Perhaps the most talked about moment was also the least important: when a rogue fly planted itself on Mike Pence’s white hair and miraculously stayed there for minutes. Many on the right interpreted the buzz about the fly (see what I did there?) as an indictment on Harris’s night, proof the left would rather talk about a fly than her performance. But even in the Fox News post-debate spin room, the panelists could hardly go two minutes without bringing up the fly’s bizarre appearance. It was a long moment of levity in an otherwise serious and tense affair.


What the left is saying.

The left hammered Pence for evasiveness, for speaking past his time repeatedly and for defending the indefensible. But very few seemed blown away by Harris’s performance, which was highly anticipated and much-hyped before the debate.

The Los Angeles Times, the paper of record in Harris’s home state, published an editorial that criticized both candidates for dodging questions but seemed to give a nod to Harris for focusing on what matters most. “But Harris effectively made what was probably the most important argument on her agenda: that the Trump administration had badly mismanaged the coronavirus outbreak and misled the American people about its seriousness,” the board wrote. “Harris also effectively established that the Trump administration, while seeking a Supreme Court decision to have the Affordable Care Act struck down, has proposed no credible healthcare alternative for people not covered by an employer’s group health plan.”

In The New York Times, Frank Bruni said that Harris ousted Pence by simply “exhibiting a discernible pulse.”

“I think she had a very good night. She was too scripted, yes, and painfully evasive when it came to a question about whether Biden would or should pack the Supreme Court,” he wrote. “But she pushed back forcefully whenever Pence tried to paint her and Biden as radical leftists. She kept returning to the subject of Covid-19. She repeatedly reminded Americans of the Trump administration’s sustained effort to abolish Obamacare, at one point staring directly into the camera to explain what that means. ‘If you have a pre-existing condition — heart disease, diabetes, breast cancer — they’re coming for you,’ she said. ‘If you love someone who has a pre-existing condition, they’re coming for you. If you are under the age of 26 on your parents’ coverage, they’re coming for you.’”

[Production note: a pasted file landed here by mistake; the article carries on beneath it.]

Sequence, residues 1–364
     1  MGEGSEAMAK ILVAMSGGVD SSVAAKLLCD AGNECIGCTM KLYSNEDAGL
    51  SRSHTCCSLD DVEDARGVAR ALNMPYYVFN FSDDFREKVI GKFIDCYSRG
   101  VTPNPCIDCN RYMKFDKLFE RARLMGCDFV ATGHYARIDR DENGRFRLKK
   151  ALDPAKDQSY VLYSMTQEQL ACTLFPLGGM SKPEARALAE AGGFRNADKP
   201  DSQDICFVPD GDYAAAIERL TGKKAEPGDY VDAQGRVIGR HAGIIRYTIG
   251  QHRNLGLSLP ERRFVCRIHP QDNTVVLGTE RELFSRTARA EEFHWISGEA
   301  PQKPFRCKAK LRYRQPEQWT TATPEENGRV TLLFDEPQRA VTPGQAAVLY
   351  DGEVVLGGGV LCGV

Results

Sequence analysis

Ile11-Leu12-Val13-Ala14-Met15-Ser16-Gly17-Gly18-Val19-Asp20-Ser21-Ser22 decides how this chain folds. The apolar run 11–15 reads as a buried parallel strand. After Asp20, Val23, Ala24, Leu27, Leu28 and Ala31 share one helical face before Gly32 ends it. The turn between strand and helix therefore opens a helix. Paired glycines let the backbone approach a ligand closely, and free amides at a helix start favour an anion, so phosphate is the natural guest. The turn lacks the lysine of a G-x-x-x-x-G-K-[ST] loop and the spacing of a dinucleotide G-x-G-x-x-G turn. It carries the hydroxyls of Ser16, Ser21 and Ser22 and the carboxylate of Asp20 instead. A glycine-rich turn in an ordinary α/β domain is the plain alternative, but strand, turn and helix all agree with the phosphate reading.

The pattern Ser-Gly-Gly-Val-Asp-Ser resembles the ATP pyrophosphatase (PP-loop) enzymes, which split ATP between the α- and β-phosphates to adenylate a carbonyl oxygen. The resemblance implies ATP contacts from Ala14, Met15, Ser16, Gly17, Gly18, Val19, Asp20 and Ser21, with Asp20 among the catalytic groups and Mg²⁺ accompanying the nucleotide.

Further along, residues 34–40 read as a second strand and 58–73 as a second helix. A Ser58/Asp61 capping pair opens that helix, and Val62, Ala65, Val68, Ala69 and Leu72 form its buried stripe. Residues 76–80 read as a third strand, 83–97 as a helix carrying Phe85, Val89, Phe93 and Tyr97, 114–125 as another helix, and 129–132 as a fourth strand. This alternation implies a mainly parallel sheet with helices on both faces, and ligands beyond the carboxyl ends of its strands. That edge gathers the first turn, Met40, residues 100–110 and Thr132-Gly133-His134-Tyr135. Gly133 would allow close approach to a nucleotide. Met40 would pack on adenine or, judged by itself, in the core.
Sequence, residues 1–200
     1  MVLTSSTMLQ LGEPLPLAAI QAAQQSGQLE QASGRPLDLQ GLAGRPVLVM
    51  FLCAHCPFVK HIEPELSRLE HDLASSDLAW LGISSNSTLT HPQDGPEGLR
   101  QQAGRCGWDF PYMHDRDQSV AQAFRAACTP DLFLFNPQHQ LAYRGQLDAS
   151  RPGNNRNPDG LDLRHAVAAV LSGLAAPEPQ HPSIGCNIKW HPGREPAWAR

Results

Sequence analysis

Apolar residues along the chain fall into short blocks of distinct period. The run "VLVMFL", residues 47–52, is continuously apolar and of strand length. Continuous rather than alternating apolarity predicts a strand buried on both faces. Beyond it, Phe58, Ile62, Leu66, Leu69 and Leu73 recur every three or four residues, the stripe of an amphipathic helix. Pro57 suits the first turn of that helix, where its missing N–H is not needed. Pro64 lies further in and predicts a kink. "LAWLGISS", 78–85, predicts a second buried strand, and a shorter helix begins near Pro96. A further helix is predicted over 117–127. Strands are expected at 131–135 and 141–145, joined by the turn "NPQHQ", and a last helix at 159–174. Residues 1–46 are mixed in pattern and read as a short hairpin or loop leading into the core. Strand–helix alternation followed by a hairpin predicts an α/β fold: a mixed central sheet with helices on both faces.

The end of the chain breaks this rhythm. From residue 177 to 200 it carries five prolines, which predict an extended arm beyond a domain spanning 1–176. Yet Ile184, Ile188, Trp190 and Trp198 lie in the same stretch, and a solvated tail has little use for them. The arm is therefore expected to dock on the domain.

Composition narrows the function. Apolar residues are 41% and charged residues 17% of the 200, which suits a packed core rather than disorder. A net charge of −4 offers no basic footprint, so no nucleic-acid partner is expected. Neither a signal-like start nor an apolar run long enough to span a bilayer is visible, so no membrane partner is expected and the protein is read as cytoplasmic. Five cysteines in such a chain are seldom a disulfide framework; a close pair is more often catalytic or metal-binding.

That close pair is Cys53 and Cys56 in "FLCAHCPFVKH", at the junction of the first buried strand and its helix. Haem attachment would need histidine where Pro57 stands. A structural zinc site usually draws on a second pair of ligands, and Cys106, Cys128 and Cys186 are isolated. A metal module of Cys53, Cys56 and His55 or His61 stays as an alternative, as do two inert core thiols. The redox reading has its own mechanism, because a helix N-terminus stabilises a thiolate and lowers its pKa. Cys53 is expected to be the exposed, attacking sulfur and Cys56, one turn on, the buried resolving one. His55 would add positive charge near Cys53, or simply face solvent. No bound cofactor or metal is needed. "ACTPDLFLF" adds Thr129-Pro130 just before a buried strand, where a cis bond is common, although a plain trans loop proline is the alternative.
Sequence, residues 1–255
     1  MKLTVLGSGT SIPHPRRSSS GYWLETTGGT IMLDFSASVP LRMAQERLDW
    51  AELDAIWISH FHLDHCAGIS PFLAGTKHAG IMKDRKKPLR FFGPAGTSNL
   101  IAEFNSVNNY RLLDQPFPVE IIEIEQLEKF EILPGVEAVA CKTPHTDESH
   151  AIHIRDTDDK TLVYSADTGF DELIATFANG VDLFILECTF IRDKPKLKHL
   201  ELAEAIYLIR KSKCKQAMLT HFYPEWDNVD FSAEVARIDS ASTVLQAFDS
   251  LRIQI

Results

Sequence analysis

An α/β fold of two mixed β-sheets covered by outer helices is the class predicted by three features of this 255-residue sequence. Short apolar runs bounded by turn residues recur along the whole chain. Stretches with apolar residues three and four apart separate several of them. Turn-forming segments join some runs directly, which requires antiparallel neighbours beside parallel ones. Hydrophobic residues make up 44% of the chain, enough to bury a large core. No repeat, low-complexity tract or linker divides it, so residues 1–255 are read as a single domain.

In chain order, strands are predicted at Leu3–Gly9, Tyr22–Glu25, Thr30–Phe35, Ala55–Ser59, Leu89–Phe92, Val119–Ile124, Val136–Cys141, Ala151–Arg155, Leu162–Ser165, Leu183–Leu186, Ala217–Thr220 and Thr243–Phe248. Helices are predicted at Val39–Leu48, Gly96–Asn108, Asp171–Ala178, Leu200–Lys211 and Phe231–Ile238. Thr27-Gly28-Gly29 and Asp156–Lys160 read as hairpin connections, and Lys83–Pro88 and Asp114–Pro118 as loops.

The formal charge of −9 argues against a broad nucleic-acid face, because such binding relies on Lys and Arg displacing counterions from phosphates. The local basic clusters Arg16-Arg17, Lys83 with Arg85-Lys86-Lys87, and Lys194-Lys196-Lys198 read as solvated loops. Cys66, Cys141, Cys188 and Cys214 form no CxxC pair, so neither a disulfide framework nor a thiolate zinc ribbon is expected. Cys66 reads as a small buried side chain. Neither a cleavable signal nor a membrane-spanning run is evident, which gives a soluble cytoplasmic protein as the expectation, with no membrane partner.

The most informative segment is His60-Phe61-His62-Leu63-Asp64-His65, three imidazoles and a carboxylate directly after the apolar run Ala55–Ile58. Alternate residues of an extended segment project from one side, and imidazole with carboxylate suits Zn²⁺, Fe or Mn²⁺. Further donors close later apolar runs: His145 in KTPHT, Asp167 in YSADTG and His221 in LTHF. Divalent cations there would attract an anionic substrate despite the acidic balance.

USA Today’s Raul Reyes had a different perspective.

“The main takeaway from this debate was that even Mike Pence cannot ably defend the president’s record or character,” Reyes wrote. “Pence did not explain to the audience why the U.S. death toll from COVID-19 is so high, nor could he offer a coherent reason for why the Trump administration is challenging the Affordable Care Act in the midst of a pandemic. Instead we heard promises about a vaccine and tired talking points. The vice president frequently interrupted both Sen. Kamala Harris and moderator Susan Page, in a manner that was not only rude but also reminiscent of the president’s boorish debate appearance last week.”


What the right is saying.

The right was extremely pleased with Mike Pence’s performance, and many wondered aloud why they had not seen more of him on the campaign trail up to this point. One of those people was Gary Abernathy, who said campaign officials must be wondering if they can have Pence replace Trump for the next debate against Joe Biden. 

“He did more in a few minutes Wednesday to rebut criticisms of how the virus has been handled than all other administration officials combined have managed to do in the past eight months,” Abernathy wrote. “After Harris mentioned Biden’s plan to combat the virus, Pence countered that it practically plagiarizes the Trump response. He also noted that the Obama-Biden response to the H1N1 flu pandemic in 2009 was disastrous, with 60 million infected; that Biden had criticized Trump for closing travel from China soon after the virus began to spread; and that the Trump administration trusts the American people to make good health decisions when presented with the facts. Whatever one’s opinions of those responses, Harris did little to rebut any of them, which scored points for Pence.”